It turns out, I’ve been slowly poisoning my husband for our entire marriage.

Honest, Officer, I’m really *not* trying to harm my poor husband. It’s just that he’s been diagnosed with severe food allergies. The list of allergens includes virtually every “compromise” food I’ve cooked for the last twelve years.

Really, Officer. Allow me to explain…

I’m married to a picky eater. I gave birth to a worse one. Food flavors and scents are neurologically over-clocked for my husband and daughter–nearly as much as tactile and auditory input already are. Both my husband and daughter vacillate between craving and avoiding–can’t get enough one week, suddenly hate it the next. Then they gaslight themselves, each other, and me by insisting that they’ve always reacted thus.

Since she was born, my daughter’s SPD has forced an a la carte approach to every meal. Unfortunately her tastes run to processed garbage, so every meal gets heated straight out of the freezer. While it’s a disaster for her health, at least it’s not a profound sink for our time…and, most importantly, she eats. We know of many people who aren’t so lucky with their kids’ expression of SPD…

Fortunately, my husband and I could agree on enough foods to reach a compromise menu. So dinners have been a bifurcated affair for the last decade–Kiddo eating her own stuff, D and I eating ours, and (when the planets aligned) all three of us occasionally managing a dinner together either at the table or at the TV.

Then my poor husband started choking on food.

Multiple doctors’ appointments, an endoscopy, a CT, and an allergy test later, we have an answer for why: EOE. Long story short, he’s had a profoundly stressful year. His body has begun to mount an immune response to various food stressors. As a result, his esophagus has become swollen and scarred–which causes him to choke.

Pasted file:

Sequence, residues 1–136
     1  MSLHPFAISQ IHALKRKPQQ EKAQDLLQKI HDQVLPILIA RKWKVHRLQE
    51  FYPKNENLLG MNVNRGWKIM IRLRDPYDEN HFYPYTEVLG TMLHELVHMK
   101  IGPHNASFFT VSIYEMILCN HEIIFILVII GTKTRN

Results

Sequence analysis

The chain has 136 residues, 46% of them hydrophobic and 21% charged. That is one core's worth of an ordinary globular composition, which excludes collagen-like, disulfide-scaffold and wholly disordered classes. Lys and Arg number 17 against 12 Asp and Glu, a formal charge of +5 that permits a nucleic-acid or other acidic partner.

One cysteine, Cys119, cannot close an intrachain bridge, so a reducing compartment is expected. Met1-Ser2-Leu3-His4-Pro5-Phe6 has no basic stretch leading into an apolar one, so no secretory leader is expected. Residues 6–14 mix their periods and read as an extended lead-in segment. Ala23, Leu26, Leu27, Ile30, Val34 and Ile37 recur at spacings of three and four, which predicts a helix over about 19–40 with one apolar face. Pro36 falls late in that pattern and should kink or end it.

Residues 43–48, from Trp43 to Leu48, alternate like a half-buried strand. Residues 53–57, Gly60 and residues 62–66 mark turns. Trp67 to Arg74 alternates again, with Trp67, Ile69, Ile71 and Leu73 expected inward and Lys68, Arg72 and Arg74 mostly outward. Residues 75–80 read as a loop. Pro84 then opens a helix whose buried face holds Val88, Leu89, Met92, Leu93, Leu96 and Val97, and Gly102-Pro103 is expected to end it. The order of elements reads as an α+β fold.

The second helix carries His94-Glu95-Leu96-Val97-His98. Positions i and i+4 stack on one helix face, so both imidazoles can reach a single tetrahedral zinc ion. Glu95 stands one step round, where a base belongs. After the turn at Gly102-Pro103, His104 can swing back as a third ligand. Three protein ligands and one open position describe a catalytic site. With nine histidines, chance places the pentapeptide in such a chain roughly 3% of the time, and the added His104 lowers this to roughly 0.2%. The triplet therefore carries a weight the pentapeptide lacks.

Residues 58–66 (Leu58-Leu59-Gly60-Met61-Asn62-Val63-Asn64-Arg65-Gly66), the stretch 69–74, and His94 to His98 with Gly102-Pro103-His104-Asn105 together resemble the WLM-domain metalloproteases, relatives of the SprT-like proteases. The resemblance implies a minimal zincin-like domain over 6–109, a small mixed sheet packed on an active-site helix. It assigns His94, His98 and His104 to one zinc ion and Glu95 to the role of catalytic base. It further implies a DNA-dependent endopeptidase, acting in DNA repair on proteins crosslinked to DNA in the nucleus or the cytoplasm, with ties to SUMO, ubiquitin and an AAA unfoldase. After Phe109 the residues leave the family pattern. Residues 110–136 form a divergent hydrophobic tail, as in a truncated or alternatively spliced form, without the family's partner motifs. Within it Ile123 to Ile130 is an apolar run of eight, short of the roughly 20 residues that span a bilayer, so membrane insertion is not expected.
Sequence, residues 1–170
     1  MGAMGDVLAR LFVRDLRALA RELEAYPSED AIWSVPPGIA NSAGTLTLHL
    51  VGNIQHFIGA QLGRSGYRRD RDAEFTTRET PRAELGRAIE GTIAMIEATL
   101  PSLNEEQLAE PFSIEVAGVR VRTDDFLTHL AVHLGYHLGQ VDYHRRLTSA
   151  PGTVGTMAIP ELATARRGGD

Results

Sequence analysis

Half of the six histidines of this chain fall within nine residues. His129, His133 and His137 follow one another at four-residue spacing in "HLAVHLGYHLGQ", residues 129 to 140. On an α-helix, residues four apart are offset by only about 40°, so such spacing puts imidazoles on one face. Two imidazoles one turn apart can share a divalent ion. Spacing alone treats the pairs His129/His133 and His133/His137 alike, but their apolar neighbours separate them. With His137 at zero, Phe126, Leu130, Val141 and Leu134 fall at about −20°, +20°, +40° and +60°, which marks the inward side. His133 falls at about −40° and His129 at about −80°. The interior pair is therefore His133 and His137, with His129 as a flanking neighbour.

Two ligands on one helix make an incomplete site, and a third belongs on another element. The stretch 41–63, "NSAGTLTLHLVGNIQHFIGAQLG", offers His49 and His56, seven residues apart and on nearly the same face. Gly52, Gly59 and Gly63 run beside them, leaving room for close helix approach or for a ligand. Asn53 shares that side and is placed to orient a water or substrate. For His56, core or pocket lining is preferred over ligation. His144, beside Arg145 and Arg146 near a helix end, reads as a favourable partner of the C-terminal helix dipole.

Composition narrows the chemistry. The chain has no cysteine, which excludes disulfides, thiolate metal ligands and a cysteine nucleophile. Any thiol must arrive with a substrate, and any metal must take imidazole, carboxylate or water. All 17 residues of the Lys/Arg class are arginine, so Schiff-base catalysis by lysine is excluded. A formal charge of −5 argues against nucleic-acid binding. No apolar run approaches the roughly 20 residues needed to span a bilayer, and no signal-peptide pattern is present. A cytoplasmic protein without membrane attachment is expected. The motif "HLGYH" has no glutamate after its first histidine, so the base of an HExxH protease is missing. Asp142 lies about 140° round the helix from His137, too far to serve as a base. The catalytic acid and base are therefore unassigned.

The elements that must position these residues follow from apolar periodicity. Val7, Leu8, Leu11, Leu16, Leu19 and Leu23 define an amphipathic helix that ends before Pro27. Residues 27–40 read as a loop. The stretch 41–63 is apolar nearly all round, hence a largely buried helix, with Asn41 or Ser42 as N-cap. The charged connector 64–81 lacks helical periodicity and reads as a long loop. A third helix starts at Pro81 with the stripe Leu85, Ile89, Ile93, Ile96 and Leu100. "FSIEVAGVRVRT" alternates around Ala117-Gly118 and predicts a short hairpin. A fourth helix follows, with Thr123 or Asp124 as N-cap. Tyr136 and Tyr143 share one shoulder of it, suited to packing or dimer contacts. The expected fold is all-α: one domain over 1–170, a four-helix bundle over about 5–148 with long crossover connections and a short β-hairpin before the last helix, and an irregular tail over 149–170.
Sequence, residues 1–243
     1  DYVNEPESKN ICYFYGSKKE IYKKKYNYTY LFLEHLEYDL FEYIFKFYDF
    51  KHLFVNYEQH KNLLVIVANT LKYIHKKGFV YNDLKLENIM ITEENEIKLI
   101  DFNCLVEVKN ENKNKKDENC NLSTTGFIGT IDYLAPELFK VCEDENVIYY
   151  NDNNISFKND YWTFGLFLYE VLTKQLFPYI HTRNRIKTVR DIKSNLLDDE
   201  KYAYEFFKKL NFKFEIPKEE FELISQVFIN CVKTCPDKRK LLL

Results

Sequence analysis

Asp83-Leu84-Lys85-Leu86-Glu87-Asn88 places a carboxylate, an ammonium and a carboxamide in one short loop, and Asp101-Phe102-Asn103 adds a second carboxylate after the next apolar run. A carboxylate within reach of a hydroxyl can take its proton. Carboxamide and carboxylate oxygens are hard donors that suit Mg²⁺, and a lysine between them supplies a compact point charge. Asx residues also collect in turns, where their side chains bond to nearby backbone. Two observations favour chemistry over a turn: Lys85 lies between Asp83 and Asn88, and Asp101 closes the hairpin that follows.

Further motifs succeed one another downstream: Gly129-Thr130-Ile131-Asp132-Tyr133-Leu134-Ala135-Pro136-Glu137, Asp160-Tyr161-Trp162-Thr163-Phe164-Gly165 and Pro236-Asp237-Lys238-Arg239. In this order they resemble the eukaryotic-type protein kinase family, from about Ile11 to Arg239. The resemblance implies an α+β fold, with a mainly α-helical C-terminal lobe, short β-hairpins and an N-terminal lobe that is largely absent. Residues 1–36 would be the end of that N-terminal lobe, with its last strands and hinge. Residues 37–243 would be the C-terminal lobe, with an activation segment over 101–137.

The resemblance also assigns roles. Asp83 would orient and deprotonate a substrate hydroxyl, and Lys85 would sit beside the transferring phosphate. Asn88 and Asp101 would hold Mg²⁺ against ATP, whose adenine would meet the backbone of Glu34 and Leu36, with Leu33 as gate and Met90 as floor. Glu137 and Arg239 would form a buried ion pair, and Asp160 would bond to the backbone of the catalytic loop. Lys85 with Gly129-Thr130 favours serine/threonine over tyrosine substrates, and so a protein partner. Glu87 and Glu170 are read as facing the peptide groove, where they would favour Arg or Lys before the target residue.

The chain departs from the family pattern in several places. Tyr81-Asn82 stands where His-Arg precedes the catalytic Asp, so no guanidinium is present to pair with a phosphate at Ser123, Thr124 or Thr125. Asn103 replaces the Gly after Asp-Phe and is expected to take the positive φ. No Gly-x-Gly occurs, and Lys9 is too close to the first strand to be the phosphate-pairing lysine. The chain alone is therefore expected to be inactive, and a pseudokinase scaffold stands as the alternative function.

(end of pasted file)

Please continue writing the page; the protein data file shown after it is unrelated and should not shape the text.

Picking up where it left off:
The list of foods is, frankly, apocalyptic: egg, all citrus, pineapple, all tree nuts (except pecans), peanuts, soy, coconut, corn, barley, cottonseed, rice, rye, pepper, cinnamon, garlic, mustard, onion, all legumes (beans and peas), broccoli, cabbage, cauliflower, and lettuce. 

(The list of outdoor and indoor allergens is just as apocalyptic. It starts with dust mites. We live in a fully-carpeted house. Solving that problem *alone* will cost tens of thousands of dollars.)

Even the nurse who administered the test was taken aback by the results, and she sees allergy patients all day.

Our problem now is how to feed ourselves without poisoning my husband. All of our favorite foods are in that list. Multiple foods that he *can* eat, he *won’t* (like seafood) because of the flavor/texture/scent problem. And multiple foods that he can eat, *I can’t* because of cancer guidelines. (And our daughter, of course, won’t eat any of either.) 

So, as my neighbor put it, with a horrified look on her face, “Kathryn, what are you going to *do*?”

Long story short: study. Lots of it.

He has to eat clean (total elimination of all food stressors, no eating of any untested food group) for the next ten days. Then he’ll binge on “bad” foods for four days and record the results.

It took me hours to come up with a breakfast and dinner menu for him for the next five days that he’ll actually *eat*. It’s going to take hours more to come up with another five days that won’t feel like a complete rehash of everything we’ve just had.

He’s been giving me shame-faced looks, lamenting what a problem he’s become. I remind him of how much of a problem I’ve been for the past year. 

Somehow, we’ll figure out a way to quit poisoning him. I suspect meditation will have to be part of that solution, if only to help him deal with the stress he’s been under. Because, like that astounding list of foods, there is simply no way to avoid it all. So study and loving care (and hard flooring, and maybe even some serious meds!) might have to be enough.

I pray to God it will be. I love this guy, and we all need him. 

So, honest, Officer, I’m gonna do my best to quit poisoning him.